Masters not Friends? – Telegraph Nepal

Dr. Rizwan Naseer
Strategic Security Analyst, Pakistan

The riddle an educated Pakistani attempts to solve is that, “Why was Pakistan so special in American grand strategy during the Cold War and post-Cold War?”

One obvious reason was Pakistan’s geostrategic location to control communist China and the Soviet Union.

No other country could offer such a strategic advantage to American interests in the war in Afghanistan (1979-89) and War on Terror (2001-2021).

But on the other hand, Pakistan has always complained that America remains an unfaithful friend.

To develop US-Pakistani relations, it is necessary to understand the United States’ distant historical engagement with Pakistan.

This article does not cover the entire incident, but some crucial moments when Pakistani-American interests converged and diverged.

It also highlights the moment when US foreign policy turned against the case of Pakistan.

Pakistan’s relationship with the United States has been both cooperative and adversarial since the early years of its formation.

The reason for this very patron-client relationship has been US demands to establish military bases in Pakistan and exert influence over Pakistan’s foreign policy.

During Pakistan’s first Prime Minister Liaqat Ali KhanDuring Harry S. Truman’s visit to the United States, Harry S. Truman demanded military bases to carry out surveillance missions in the Soviet Union.

But the request was denied due to sovereign rights and security considerations.

During President Ayub’s regime, the United States carried out a spy mission over the Soviet Union using Pakistani territory. Despite years of cooperation between the United States and Pakistan, Ayub Khan said the United States treated Pakistan as a dominating power.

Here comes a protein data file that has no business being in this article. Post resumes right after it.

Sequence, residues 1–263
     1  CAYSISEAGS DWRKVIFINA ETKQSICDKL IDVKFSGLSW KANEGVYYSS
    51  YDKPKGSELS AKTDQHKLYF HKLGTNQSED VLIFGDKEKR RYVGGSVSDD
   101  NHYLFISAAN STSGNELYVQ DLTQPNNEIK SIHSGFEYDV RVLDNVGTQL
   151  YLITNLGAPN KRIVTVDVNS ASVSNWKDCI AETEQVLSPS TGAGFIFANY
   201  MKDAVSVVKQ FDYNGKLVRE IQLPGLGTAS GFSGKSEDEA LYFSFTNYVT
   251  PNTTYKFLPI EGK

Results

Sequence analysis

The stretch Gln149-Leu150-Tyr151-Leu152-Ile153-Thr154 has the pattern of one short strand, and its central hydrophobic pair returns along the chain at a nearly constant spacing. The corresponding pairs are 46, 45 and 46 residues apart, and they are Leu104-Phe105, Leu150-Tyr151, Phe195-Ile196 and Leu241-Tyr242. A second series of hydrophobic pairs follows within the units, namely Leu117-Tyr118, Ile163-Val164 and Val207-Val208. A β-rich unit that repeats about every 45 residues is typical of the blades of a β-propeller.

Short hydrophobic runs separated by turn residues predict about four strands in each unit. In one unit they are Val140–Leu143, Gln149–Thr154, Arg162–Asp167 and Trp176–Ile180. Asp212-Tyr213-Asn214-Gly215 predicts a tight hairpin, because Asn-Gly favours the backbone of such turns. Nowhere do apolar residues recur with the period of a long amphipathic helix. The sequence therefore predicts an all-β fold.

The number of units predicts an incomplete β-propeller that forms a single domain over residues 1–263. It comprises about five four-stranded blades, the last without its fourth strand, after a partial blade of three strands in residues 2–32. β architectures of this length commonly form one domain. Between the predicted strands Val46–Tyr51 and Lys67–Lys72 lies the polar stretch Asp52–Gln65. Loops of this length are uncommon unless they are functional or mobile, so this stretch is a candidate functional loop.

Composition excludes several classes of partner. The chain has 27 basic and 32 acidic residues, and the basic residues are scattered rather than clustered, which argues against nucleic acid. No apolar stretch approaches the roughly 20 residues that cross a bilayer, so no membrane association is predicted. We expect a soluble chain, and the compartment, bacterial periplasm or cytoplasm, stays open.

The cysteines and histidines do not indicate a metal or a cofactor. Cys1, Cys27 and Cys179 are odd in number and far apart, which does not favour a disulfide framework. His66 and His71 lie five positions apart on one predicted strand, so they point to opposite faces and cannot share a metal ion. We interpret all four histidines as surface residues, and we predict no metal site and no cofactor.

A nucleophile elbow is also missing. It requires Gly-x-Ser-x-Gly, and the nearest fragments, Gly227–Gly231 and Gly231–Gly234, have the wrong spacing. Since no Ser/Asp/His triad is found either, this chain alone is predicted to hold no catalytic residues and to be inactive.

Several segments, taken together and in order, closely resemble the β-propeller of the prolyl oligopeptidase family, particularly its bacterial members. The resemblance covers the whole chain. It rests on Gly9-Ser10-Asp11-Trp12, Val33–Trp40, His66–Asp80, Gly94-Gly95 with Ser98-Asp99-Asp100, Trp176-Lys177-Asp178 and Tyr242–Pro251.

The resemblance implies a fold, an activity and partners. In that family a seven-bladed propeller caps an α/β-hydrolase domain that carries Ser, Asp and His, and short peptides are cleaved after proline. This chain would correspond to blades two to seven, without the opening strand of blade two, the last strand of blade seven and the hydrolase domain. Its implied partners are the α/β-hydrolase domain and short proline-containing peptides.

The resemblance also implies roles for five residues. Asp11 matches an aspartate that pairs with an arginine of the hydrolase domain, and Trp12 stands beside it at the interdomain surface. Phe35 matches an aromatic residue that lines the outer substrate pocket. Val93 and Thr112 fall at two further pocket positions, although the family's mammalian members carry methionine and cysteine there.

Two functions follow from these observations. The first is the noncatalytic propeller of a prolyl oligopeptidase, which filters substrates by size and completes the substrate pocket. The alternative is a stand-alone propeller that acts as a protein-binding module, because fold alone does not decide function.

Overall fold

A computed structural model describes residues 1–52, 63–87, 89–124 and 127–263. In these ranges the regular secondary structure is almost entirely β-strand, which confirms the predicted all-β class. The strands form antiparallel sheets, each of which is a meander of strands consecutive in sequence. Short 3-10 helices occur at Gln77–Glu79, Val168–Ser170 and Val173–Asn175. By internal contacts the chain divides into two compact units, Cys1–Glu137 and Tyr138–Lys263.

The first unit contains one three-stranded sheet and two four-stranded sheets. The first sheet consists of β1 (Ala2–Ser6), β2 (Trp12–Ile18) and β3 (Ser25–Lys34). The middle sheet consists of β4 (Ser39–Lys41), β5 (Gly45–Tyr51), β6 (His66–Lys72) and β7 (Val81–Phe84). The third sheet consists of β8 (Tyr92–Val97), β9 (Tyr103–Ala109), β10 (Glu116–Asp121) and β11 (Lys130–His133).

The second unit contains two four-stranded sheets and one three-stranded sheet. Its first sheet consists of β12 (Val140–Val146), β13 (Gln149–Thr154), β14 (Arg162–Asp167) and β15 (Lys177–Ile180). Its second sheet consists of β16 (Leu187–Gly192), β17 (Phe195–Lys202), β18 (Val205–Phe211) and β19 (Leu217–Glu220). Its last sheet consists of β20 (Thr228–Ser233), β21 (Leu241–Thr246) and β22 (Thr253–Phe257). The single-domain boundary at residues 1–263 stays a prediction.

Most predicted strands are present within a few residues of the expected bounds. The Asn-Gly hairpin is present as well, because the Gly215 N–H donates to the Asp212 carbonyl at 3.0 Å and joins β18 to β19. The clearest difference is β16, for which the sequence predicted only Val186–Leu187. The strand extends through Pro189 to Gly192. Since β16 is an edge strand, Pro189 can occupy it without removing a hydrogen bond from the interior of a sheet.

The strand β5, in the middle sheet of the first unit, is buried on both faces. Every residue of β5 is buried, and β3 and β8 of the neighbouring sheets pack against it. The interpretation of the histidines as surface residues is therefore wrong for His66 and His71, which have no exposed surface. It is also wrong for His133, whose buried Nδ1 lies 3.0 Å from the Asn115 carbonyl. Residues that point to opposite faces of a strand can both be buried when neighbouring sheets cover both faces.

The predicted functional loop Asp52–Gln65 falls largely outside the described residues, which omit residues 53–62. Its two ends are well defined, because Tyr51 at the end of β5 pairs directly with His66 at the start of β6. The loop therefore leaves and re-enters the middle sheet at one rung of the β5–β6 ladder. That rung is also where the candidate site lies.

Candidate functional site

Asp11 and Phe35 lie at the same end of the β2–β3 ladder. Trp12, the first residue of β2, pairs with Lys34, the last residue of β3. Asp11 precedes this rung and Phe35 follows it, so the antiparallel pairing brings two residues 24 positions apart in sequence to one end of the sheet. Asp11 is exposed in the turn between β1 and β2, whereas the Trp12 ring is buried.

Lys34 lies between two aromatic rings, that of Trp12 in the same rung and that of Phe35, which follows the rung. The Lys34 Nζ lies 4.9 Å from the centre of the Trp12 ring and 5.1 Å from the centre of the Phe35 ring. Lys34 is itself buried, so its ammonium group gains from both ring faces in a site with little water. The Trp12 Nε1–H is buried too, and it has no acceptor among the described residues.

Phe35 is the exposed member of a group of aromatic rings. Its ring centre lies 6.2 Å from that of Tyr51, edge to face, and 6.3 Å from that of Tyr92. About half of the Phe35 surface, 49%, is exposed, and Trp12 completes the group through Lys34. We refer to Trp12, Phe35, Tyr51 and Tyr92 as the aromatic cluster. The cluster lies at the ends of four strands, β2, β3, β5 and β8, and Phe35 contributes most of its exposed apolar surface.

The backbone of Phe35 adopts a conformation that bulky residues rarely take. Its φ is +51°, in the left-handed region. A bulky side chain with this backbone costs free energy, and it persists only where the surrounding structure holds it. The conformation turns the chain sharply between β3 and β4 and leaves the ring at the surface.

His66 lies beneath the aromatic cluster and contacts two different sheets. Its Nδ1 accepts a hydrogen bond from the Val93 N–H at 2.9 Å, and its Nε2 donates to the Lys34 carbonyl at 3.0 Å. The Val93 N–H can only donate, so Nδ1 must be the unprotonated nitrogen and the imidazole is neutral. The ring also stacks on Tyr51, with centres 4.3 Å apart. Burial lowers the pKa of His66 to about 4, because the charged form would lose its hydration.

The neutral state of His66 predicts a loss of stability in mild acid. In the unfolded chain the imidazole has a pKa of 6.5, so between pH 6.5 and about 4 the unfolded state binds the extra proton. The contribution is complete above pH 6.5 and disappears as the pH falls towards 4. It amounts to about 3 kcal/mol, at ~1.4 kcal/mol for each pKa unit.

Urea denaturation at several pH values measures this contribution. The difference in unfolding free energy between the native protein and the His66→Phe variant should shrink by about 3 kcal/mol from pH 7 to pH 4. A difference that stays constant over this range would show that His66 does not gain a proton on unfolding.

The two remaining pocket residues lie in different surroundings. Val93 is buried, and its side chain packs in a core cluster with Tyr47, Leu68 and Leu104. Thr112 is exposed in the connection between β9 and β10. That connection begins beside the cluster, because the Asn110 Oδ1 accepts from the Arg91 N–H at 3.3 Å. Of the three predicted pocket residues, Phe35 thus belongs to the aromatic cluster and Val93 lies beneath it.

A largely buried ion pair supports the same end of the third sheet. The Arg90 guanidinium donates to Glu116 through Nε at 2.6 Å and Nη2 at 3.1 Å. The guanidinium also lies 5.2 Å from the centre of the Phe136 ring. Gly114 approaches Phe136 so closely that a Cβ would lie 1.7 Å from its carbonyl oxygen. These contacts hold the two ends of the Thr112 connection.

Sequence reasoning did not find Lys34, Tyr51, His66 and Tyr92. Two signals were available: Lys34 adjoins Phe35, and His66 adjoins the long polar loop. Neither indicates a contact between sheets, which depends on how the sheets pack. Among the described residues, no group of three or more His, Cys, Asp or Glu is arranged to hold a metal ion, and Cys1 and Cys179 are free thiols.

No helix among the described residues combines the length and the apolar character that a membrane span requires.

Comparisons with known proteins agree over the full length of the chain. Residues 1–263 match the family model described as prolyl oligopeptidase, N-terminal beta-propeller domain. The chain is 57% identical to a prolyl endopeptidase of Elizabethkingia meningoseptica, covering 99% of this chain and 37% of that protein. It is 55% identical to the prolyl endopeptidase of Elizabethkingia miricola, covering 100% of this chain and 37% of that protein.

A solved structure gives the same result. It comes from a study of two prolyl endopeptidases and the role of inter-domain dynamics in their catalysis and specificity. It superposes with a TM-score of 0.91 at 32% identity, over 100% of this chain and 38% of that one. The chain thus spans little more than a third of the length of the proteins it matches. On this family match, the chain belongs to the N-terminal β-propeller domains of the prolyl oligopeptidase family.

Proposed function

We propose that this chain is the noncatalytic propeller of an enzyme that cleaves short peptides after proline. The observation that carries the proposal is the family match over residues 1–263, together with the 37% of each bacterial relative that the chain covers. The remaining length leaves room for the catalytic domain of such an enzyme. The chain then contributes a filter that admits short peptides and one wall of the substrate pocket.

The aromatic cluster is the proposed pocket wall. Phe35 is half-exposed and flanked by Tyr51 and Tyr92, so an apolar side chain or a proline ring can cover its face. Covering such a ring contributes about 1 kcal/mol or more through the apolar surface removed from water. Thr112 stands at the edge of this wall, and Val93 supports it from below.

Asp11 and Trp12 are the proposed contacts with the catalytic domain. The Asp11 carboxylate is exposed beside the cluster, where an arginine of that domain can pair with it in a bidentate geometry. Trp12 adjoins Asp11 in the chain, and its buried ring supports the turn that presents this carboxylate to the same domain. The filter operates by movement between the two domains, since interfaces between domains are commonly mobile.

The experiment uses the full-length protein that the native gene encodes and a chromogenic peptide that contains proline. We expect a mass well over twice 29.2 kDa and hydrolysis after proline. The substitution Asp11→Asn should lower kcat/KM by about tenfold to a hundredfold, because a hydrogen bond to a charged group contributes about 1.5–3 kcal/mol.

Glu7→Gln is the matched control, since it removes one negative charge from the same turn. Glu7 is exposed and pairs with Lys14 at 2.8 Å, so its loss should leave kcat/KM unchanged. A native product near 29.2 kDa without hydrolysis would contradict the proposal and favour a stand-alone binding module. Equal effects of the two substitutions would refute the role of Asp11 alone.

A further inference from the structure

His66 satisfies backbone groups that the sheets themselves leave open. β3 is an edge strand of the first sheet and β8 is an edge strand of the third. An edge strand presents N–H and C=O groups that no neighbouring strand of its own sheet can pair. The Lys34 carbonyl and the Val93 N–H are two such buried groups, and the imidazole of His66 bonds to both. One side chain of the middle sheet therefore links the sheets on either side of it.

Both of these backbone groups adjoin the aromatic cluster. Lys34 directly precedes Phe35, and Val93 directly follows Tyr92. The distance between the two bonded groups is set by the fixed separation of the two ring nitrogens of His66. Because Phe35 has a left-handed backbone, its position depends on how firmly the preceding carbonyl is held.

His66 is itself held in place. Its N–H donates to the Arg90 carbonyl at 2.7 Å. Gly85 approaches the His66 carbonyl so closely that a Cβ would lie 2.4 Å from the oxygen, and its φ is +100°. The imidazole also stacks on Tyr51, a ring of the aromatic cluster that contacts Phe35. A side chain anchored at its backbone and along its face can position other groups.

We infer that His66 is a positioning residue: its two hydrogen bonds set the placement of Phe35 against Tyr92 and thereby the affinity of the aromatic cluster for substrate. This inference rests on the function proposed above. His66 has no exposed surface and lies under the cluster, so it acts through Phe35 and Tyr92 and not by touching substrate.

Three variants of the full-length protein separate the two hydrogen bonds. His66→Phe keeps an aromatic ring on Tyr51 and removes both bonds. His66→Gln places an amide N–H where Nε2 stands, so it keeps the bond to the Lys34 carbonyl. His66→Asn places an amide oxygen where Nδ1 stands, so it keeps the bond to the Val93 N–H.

The central theme of Ayub Khan’s memoirs “Friends, Not Masters: A Political Autobiography”is that “people in developing countries ask for help, but on the basis of mutual respect; they want to have friends not masters”.

Pakistan signed the US-sponsored security agreements SEATO and CENTO, which provided economic and military assistance. This economic aid served only to counter the influence of communism, not to protect Pakistan against any external threat of aggression.

During the ZA Bhutto regime, Pakistan retained and improved CENTO membership despite challenges from regional players (China and USSR). with India.

Pakistan’s expectation was not to receive military support but diplomatic support to thwart Indian aggression.
President Yahya Khan had previously written a letter to US President Nixon and informed him of Indian involvement in equipping, training and supporting Mukti Bahini.

The tragedy of the dismemberment of East Pakistan is unforgettable for all Pakistanis and above all it raises questions about what Pakistan got by joining US-sponsored security pacts when its own national security was threatened.

Determined to make up for India’s nuclear status and avoid nuclear blackmail, ZA Bhutto, the architect of Pakistan’s nuclear program, boldly declared “if India builds the bomb, “We will eat grass, we will even be hungry, but we will have one of our own.“Bhutto’s resolve to acquire the atomic bomb has created a certain schism in relations between Pakistan and the United States.